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JFK's lessons for Iraq

BEGINNING tomorrow scholars, journalists, and government officials -- both former and current -- will revisit a topic that remains tightly woven into the fabric of American political culture: the Vietnam War. Convening at the John F. Kennedy Library, they will explore some of the more contentious aspects of this chapter in our history. Among the questions they will ask are those concerning America's entrance into war, the roles played by the media and public opinion in shaping the course of the war, and the lessons learned from that conflict.

Arguably, the most vexing question is the great ''what if'' of the entire war: ''What if'' President John F. Kennedy had not been cut down by an assassin's bullet and had lived out his term -- and perhaps a subsequent one? Would he have made good on an expressed desire to withdraw American troops from Vietnam and turn the fighting over to the South Vietnamese? These questions are hardly academic; as a recent New York Times op-ed by Theodore Sorensen and Arthur Schlesinger Jr. argued, Kennedy had devised a coordinated exit strategy that America's current president would do well to emulate.

Thanks to an extraordinary collection of documents -- the secret tape recordings that Kennedy made in the White House -- we have some sense of what Kennedy did, and didn't, plan to do with respect to Vietnam. Although available to the public for more than a decade, these tapes remain largely unexplored. This is due partly to the many challenges of the transcription process, including the identification of numerous and hard-to-hear voices, the placement of microphones relative to Kennedy and his aides, and the quality of the audio itself.

Yet several key tapes are largely intelligible and reveal the outlines of what is clearly a withdrawal plan, laid out by Secretary of Defense Robert S. McNamara and Chairman of the Joint Chiefs of Staff Maxwell D. Taylor, in a series of recorded meetings from October 1963. As conceived, the plan would have removed most US troops from Vietnam by the end of 1964 and virtually all of them by 1965. To kick-start that process, the Defense Department was prepared to recall 1,000 soldiers by the end of 1963.

At first glance, Kennedy's endorsement of this scenario appears to be a flat-out commitment to wind up the US advisory effort that he himself had expanded during his first year in office. Yet there is much more to the story. For starters, the tapes suggest that this is McNamara's withdrawal plan. In fact, the defense secretary goes to great lengths to convince the president that the withdrawal process be both immediate and public; the agitation in his voice while making his case is unmistakable. Indeed, it is McNamara who lays out not only the military rationale but also the political calculus at work, lending further credence to the argument that it was the secretary who conceived of and authored the withdrawal.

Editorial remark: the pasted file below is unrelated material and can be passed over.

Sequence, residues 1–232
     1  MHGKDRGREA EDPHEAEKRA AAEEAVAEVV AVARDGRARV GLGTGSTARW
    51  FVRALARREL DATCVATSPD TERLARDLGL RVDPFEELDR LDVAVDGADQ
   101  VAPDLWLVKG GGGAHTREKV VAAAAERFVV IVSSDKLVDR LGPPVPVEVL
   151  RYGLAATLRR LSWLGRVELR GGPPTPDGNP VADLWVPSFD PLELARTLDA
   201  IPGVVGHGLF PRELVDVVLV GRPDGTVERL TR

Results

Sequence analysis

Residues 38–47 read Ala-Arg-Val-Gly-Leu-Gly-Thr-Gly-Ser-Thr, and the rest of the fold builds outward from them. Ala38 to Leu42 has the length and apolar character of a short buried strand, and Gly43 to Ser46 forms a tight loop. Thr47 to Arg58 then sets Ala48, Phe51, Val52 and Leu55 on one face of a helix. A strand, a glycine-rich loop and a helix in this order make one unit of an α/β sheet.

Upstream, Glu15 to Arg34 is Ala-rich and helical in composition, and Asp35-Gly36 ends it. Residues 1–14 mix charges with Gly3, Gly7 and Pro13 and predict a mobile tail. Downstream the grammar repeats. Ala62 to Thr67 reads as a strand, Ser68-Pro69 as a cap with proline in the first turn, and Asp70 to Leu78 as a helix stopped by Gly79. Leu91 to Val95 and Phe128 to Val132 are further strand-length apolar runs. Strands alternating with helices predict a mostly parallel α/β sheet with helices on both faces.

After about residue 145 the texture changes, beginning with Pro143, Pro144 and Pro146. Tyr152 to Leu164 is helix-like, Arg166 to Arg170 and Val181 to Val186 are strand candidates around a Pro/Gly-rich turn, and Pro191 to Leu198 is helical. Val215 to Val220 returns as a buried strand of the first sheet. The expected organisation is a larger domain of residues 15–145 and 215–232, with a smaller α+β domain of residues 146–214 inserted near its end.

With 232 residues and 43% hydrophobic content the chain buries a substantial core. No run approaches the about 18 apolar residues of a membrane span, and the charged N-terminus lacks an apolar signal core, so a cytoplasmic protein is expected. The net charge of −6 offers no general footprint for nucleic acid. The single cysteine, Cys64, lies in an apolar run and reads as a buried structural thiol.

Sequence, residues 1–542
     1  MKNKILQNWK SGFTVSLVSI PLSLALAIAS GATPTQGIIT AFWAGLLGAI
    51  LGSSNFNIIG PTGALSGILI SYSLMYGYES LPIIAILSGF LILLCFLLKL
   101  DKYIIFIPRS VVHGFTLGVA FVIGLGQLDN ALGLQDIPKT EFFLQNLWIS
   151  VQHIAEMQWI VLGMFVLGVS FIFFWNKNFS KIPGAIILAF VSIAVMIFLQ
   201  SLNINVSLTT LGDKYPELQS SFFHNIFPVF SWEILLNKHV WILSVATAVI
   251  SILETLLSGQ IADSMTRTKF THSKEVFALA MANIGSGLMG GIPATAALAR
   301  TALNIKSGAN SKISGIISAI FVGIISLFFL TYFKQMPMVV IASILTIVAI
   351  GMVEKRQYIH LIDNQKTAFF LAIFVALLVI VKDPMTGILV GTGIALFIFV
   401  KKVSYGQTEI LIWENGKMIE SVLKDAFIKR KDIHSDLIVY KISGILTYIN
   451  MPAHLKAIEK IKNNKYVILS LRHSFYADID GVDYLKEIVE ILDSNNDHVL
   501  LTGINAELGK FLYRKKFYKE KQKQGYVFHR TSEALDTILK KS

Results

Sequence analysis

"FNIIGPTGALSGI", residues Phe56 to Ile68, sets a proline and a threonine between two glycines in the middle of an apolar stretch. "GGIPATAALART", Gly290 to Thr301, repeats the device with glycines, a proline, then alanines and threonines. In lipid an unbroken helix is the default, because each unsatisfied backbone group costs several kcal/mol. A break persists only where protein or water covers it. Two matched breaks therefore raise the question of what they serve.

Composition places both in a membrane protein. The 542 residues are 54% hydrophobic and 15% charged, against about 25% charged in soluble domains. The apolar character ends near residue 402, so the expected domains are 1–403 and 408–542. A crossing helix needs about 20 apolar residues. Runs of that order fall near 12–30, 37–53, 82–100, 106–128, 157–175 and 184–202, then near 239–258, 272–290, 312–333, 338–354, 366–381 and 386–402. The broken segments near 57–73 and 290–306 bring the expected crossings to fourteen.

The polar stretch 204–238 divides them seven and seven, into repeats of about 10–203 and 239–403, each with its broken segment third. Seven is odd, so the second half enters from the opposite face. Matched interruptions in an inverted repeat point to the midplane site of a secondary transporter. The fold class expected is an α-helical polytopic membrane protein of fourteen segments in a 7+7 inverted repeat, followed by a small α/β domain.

And Kennedy's reaction to the idea suggests as much. While he had always maintained that the war was South Vietnam's to win or lose -- arguing repeatedly against the insertion of US combat troops to back up or supplant South Vietnamese forces -- Kennedy nevertheless seems caught off guard by the McNamara-Taylor proposal. These conversations reveal a president seemingly distant from the topic and in need of convincing.

Is there a back-story to this episode? Did Kennedy orchestrate the McNamara-Taylor meeting to make it seem that this was all news to him, that he was largely unaware of such planning or the politics of withdrawal? According to former administration officials, the president had a penchant for giving instructions to McNamara that never found their way into the written record. Is this, therefore, a case of Kennedy debating and then approving a previously considered position in the presence of and for the benefit of his more hawkish advisers?

Failing a written record, we cannot know for sure. Scholars still have no access to several August 1963 conversations that would add much to our understanding of Kennedy's engagement with Vietnam and his thoughts about US involvement. What we can say with confidence is that the president, though clearly desirous of an American withdrawal, recognized the military and political imperative of achieving it under favorable conditions.

As he told his most senior advisers at one of those October meetings, they would simply ''get a new date'' if the situation in Vietnam prevented an American withdrawal by the end of 1965. Indeed, as Kennedy makes clear in these tapes, any public statement about a withdrawal must emphasize the fact the objective remained that of winning the war.

Do the Kennedy tapes offer useful lessons for the current war in Iraq? Insofar as they provide analogues not only to America's entrance but also to its exit from both conflicts, we would do well to recall Kennedy's motives for his phased withdrawal from Vietnam: increased pressure on the client government to institute political, economic, and military reforms; a tangible response to dovish critics of his policy at home; and -- perhaps -- the rudiments of a full withdrawal he had every intention of completing.

Yet we cannot know conclusively how Kennedy would have responded to the altered conditions in the Vietnam of 1964 and 1965. Given his many conflicting statements on Vietnam, all we can say, by virtue of his own words on the subject, is that he would have crossed that bridge when -- and only when -- he came upon it.

Marc J. Selverstone is an assistant professor with the Presidential Recordings Program at the University of Virginia's Miller Center of Public Affairs. Transcripts and audio of the Kennedy conversations mentioned above are available on the program's website, www.whitehousetapes.org.

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